After extensive discovery, the trial court entered a pre-trial order on 9 June 1998 that contained many of the parties' pre-trial stipulations. One such stipulation stated:
        The only issue in this case will read as follows:
            "What sum are the defendants entitled to recover from the plaintiff, Department of Transportation, as just compensation for the appropriation of a portion of their property for highway purposes on November 4, 1996?"

The matter then proceeded to trial before a jury for a determination of that issue. At trial, plaintiff submitted the testimony of two expert real estate appraisers. John McCracken valued the 1.25-acre tract at $13,500. Lindsay Dean appraised it at $7525. Defendants submitted two valuations. Their expert appraiser, William Richardson, appraised the land at $180,800. Defendant Thomas Tilley, based upon his own experience and knowledge of the property, then testified that the tract was worth $180,000. On 12 June 1998, the jury returned a verdict awarding defendants $13,500. Defendants now appeal.
    [1]/A HREF>Defendants first argue that the jury verdict must be voided because the trial court did not have subject matter jurisdiction in this action. Specifically, they contend that plaintiff's Declaration of Taking was inherently flawed in itsdescription of the property to be affected by the taking such thatthe trial c ourt never acquired jurisdiction over the property plaintiff was seeking to condemn.
    To fully understand defendants' argument, we must first outline the relevant pleading requirements for any Declaration of Taking filed by the Department of Transportation. Among other things, such Declaration must include:
                (2)    A description of the entire tract or tracts affected by said taking sufficient for the identification thereof.

                (3)    A statement of t he estate or interest in said land taken for public use and a description of the area taken sufficient for the identification thereof.

N.C. Gen. Stat. § 136-103 (amended 1998) (emphasis added). Defendants argue that, because the 23.99-acre Northern Tract was not affected by the taking, the "entire tract or tracts affected" here was just the 2.99-acre Southern Tract. Because plaintiff's Declaration of Taking did not correctly list the requisite entire tract affected, defendants maintain that the trial court did not have subject matter jurisdiction over the property to be taken. We find this argument to be contrived and without merit. "A court has jurisdiction over the subject matter if it has the power to hear and determine cases of the general class to which the action in question belongs." Balcon, Inc. v. Sadler, 36 N.C. App. 322, 324, 244 S.E.2d 164, 165 (1978). Our legislature has expressly conferred jurisdiction over condemnation matters on our superior courts. N.C. Gen. Stat. § 136-103(a) (amended 1998). As this action was instituted in Chatham County Superior Court, the trial court did have jurisdiction over the subject matter here.
    In reality, defendants are contesting the propriety of thepleadings, not the propriety of the court's jurisdiction. In particular, defendants are alleging that the "entire tract or tracts affected" here is just the Southern Tract, not the entire 26.98-acre tract. This issue should have been litigated, if at all, before trial. A condemnation hearing should proceed to trial only after all issues other than that of just compensation have been resolved -- "[a] controversy as to what land a condemnor is seeking to condemn has no place in a condemnation proceeding." Light Company v. Creasman, 262 N.C. 390, 397, 137 S.E.2d 497, 502 (1964). Our legislature has specifically provided a mechanism for resolving disputes over issues other than just compensation. See N.C. Gen. Stat. § 136-108 (1999). The fact that a trial court's determination as to any of these other issues is immediately appealable, see Highway Commission v. Nuckles, 271 N.C. 1, 14, 155 S.E.2d 772, 784 (1967), reinforces the notion that our courts want all issues to be resolved before the matter of just compensation is even addressed. Here, defendants failed to avail themselves of the mechanism provided in section 136-108, and instead specifically stipulated that only the matter of just compensation remained for resolution at trial. We will not reward this failure on appeal.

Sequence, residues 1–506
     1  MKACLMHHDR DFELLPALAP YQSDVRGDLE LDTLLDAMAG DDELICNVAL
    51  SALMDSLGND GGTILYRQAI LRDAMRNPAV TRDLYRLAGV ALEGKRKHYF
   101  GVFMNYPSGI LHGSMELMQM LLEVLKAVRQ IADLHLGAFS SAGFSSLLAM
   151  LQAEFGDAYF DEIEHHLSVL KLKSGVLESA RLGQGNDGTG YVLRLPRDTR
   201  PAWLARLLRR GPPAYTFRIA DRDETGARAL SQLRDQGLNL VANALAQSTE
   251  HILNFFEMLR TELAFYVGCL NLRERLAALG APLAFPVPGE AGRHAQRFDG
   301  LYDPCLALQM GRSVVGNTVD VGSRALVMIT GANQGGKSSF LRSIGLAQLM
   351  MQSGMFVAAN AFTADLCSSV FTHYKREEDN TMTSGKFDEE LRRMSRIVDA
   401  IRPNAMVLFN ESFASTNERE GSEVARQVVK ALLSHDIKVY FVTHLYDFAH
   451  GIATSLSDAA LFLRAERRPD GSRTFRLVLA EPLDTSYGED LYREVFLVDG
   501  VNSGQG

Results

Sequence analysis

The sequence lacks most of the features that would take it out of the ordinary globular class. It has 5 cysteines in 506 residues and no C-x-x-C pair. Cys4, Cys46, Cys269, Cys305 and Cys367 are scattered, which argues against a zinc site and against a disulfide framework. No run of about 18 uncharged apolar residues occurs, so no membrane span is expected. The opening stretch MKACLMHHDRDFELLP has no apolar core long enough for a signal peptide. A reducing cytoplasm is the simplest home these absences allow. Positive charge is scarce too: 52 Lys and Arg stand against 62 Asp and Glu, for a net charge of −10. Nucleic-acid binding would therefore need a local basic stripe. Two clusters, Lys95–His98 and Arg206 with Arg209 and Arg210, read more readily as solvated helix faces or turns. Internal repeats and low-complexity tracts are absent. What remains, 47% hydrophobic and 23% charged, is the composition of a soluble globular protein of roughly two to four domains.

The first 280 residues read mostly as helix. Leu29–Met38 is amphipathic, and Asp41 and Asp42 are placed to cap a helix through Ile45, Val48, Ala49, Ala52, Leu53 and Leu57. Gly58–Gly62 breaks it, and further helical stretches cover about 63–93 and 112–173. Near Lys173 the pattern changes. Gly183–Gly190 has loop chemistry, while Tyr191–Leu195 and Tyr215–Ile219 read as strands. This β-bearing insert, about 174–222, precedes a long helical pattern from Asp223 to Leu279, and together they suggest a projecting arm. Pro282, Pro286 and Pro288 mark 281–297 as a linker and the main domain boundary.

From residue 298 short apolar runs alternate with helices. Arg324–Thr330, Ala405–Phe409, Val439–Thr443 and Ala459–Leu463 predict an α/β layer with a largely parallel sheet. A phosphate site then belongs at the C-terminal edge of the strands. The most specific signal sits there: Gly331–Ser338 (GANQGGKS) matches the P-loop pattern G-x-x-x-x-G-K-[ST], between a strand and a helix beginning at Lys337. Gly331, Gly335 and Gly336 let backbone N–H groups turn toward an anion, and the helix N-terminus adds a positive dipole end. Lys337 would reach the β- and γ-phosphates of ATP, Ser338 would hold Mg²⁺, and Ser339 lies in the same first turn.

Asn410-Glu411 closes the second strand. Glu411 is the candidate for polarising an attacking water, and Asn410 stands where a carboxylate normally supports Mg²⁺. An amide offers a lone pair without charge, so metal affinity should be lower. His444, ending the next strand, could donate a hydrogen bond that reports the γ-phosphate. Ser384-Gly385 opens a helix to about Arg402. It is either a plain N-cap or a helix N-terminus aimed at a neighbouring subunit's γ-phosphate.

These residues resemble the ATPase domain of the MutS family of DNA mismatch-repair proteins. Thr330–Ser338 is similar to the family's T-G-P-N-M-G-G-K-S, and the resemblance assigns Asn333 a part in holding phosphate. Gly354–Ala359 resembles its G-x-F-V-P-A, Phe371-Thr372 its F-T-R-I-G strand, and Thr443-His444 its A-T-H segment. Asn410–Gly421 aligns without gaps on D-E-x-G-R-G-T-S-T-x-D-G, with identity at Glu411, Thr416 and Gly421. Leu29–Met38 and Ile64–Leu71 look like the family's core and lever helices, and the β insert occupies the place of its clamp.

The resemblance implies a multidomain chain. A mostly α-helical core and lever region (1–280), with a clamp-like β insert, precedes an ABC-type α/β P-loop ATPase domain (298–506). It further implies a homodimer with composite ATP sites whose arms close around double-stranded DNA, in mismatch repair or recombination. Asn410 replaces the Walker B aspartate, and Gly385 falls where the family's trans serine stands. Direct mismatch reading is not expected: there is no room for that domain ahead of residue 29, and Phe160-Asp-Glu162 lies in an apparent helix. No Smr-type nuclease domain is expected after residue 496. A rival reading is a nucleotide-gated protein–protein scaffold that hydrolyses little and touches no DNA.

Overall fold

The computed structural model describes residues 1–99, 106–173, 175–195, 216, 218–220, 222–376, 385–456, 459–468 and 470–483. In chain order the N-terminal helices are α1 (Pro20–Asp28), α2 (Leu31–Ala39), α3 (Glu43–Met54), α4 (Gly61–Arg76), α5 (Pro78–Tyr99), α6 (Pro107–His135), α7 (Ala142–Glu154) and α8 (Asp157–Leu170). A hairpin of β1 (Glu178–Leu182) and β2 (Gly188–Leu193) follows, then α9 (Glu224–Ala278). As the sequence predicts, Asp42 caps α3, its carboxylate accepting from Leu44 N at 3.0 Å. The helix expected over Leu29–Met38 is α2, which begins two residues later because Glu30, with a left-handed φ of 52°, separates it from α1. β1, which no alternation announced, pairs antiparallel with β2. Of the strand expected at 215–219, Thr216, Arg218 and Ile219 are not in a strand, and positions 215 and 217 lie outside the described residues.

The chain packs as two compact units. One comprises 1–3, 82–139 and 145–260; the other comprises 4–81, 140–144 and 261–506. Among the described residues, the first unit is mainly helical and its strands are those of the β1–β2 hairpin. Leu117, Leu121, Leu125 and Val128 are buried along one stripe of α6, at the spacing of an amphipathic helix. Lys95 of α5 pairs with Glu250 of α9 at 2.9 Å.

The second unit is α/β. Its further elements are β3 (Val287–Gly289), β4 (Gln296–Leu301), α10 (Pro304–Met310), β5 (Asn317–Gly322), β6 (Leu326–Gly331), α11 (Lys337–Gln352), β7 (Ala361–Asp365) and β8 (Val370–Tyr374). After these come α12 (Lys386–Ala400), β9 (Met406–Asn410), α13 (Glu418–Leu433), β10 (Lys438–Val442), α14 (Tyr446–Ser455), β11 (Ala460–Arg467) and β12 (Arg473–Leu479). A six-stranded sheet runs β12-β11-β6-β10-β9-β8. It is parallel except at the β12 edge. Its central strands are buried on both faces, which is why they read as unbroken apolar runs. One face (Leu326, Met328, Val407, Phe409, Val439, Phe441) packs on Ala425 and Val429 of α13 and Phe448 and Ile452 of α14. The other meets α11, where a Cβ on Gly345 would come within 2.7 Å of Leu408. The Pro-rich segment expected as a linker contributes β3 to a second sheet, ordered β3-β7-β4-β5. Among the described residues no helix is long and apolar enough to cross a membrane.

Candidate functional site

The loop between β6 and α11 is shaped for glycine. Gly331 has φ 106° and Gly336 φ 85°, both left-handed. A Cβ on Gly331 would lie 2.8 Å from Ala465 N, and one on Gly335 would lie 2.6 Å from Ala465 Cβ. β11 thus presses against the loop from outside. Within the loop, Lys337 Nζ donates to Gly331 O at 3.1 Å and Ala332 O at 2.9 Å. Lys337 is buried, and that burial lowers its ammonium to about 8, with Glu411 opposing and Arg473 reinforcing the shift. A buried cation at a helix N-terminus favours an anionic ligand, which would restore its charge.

It is quite apparent to this Court that defendants havecouched their argument in terms of subject matter jurisdicti on in order to circumvent their pre-trial stipulation. Defendants correctly point out that subject matter jurisdiction cannot be consented to or stipulated to. Stanley, Edwards, Henderson v. Dept. Conservation & Development, 284 N.C. 15, 28, 199 S.E.2d 641, 650 (1973). But defendants' stipulation here had nothing to do with subject matter jurisdiction; it had to do with the issues to be resolved at trial. Defendants will not be allowed to create an issue of subject matter jurisdiction merely by phrasing it as one. The issue defendants are arguing involves the amount of affected property. As previously stated, this issue must be resolved before trial and will not be entertained on appeal from a verdict as to just compensation.
    [2]Next, defendants argue that the trial court erred by requiring their expert appraiser to calculate the value of the 1.25-acre tract taken according to the strict formula set out by our legislature in N.C. Gen. Stat. § 136-112(1). In appraising the property taken, Mr. Richardson testified that he compared the fair market value of the Southern Tract before the taking with the fair market value of the Southern Tract after the taking to arrive at a difference of $180,800. He testified that he did not attempt to value the Northern Tract because it was unaffected by the taking. Plaintiff thereafter objected to his testimony as incompetent because he did not follow the statutory formula. That formula provides: